Sea arrowgrass is an aquatic herb that packs a punch. Its cilantro-like flavor brings to mind a warmer climate and turquoise waters, making this a much-coveted herb.
Where to Find It
Sea arrowgrass is a hardy plant that can tolerate full sun and salty environments. It needs lots of water and moist soil to survive. Look for it in marshy areas along the coast that are regularly flooded by the ocean.
Salt marshes, marshlands.
When to Find It
Sea arrowgrass can be picked from May until September.
Entire plant: May, June, July, August, September.
How to Spot It
From a distance, sea arrowgrass looks like a tuft of grass with thick, puffy blades. When seen from above, the leaves look triangular, but are narrow, long and fleshy. A line runs down the surface; inside, the leaves are hollow. From its cluster at the root, the plant stands erect in the air. Its flowers look like tiny baskets with purple edges. Its seeds are stored in small, egg-shaped pods. On the stem, the flowers and seeds look like very thin, green baby corn.
How to Pick It
Cut off the leaves one by one, so you don't accidentally uproot the plant. When gathering the arrowgrass flowers and seeds, you should cut or clip the stem off. Plants growing closest to the shore will have the best taste. Don't take more than two thirds of the flowers and seeds, and pick from several plants so that you don't put too much stress on just one of them.
The Ministry of Environment and Food of Denmark do not recommend consumption. Sea arrowgrass contains acids that can release the poisonous cyanide. In a "worst case scenario" consumption of more than 2 grams (for an adult of 70 kilos) can exceed the reference dose determined by the European Food Safety Authority (EFSA).
On the palate
Sea arrowgrass is crisp, succulent, and zingy. It has the flavor of cilantro with subtle acidic and metallic notes that are reminiscent of asparagus. It can also taste slightly briny or have a sharp aftertaste. Its flowers and seeds have the strongest flavor.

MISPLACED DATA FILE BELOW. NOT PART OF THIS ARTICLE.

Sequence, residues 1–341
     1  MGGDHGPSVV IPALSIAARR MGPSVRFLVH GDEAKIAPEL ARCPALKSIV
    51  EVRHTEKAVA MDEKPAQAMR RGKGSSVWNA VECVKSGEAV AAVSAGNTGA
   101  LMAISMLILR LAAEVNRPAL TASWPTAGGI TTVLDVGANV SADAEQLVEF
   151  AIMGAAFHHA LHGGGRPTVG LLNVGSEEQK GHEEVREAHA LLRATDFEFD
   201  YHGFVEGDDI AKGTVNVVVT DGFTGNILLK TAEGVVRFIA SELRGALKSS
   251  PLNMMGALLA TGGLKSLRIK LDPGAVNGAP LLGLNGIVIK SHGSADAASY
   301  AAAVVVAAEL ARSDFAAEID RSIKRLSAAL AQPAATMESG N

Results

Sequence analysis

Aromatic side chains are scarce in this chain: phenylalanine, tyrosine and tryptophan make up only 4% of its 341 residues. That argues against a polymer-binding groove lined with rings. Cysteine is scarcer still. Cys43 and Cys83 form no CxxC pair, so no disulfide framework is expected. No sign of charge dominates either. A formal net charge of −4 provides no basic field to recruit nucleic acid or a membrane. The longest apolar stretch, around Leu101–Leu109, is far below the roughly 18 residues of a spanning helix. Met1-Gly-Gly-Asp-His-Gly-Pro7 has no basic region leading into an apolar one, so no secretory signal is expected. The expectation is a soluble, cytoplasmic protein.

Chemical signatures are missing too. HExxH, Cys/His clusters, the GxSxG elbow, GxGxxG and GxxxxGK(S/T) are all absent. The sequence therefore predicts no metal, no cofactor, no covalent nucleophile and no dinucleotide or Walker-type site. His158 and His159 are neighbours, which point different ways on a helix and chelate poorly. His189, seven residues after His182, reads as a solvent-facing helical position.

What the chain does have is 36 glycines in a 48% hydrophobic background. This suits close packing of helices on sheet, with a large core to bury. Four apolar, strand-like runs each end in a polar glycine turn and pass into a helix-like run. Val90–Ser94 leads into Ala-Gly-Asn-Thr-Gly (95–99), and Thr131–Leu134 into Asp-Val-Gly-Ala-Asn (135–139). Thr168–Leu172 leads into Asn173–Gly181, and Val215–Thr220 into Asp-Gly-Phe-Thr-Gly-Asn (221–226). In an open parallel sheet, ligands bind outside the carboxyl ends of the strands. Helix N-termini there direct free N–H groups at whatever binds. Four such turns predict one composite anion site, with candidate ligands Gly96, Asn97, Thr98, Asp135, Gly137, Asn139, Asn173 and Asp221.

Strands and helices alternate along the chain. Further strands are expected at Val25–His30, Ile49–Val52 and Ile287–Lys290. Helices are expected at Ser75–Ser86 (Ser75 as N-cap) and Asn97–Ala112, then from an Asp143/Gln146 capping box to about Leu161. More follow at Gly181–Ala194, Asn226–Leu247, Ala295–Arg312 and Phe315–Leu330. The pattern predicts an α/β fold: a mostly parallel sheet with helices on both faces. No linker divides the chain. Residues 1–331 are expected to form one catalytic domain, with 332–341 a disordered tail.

Sea arrowgrasss has no particular scent.
Sea arrowgrass can only tolerate very quick and careful preparation before it loses its flavor and crispness. You can blanch its leaves for a moment and abruptly stop the cooking process by plunging them directly in ice water. If you want to use the leaves in a dish, add them the moment you take the pot off the heat.
With its cilantro flavor, sea arrowgrass is an obvious choice for Asian and Mediterranean recipes. Adding a delightful crispness to most dishes and counterbalancing fatty and umami flavors, it works especially well with seafood dishes that need a little punch, like shellfish bisque and creamy fish soups. It also adds an intriguing edge to new potatoes, egg dishes, chicken and turkey, and grilled bell peppers. You can also use sea arrowgrass raw as a garnish, but beware— the raw herb contains prussic acid, which can be poisonous in large amounts, so consume it sparingly.
Cover with a moist cloth and store in a sealed bag or airtight container inside the crisper drawer of your refrigerator. Leaves and seeds that are still attached to the stem will keep for five to seven days. The flowers should be used as quickly as possible, but can be stored in a cool, dry place.
Can be replaced with sea plantains.
Risk of misidentifying the plant
There is no risk of mistaking the plant for another dangerous or undesirable plant. There is, however, a similar-looking plant that isn't particularly tasty. Sample as you pick.